Cevin Moore’s review:
It's not hard to see why Bjork didn't want to do any films after this. It's a pity most actors can't see when they've done the performance of a lifetime and it's all downhill from there, luckily she did.
Set somewhere in the late 50's in small town USA when the law was so much simpler and a lie could be very effective, the story twists and turns relentlessly on a downward spiral that takes turns in frustrating and moving the viewer.
Although the ever pervasive atmosphere is quite downbeat and descending to downright doom-laden it is punctured throughout by some very inventive musical numbers that break the handheld documentary style into a more exuberant colour palette along with the explosion of the soundscape from quiet mono to full on DTS with intricate use of found sound samples playfully bouncing around the songs.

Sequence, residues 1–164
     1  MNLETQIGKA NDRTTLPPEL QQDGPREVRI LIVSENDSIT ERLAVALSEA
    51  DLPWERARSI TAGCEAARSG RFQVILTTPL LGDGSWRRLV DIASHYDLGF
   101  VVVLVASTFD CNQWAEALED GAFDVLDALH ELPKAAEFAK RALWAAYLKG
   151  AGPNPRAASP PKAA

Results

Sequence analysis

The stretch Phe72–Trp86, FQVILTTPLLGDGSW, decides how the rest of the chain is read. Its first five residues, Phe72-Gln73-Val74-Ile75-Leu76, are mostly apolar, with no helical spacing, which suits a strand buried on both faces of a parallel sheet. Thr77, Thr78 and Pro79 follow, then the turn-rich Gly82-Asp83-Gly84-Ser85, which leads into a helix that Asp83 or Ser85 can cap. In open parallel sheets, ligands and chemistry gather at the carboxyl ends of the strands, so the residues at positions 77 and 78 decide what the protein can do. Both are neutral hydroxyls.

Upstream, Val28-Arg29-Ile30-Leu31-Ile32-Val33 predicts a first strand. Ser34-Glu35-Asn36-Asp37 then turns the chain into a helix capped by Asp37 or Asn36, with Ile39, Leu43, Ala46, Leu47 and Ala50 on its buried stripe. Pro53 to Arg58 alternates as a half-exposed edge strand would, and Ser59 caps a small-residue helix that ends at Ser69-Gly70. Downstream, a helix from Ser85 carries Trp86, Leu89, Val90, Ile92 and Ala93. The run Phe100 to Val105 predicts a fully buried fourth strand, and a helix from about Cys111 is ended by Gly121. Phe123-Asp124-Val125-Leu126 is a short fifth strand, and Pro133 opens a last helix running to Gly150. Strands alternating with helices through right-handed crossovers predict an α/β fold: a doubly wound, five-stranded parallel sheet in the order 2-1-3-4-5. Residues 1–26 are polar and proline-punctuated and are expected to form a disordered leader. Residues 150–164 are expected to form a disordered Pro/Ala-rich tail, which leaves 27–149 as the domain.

The main drawback which this film is the camera work. History states that the steadicam has been with us now for over 40 years. Why then, just like many films that are produced now, does the camera try to produce a kinetic feel to a scene that would be beautifully quiet by continually bouncing around slip shod like a drunken schoolchild? Films such as Irreversable use this to great effect by using the lurching technique to upset the viewer, but this is not that kind of film!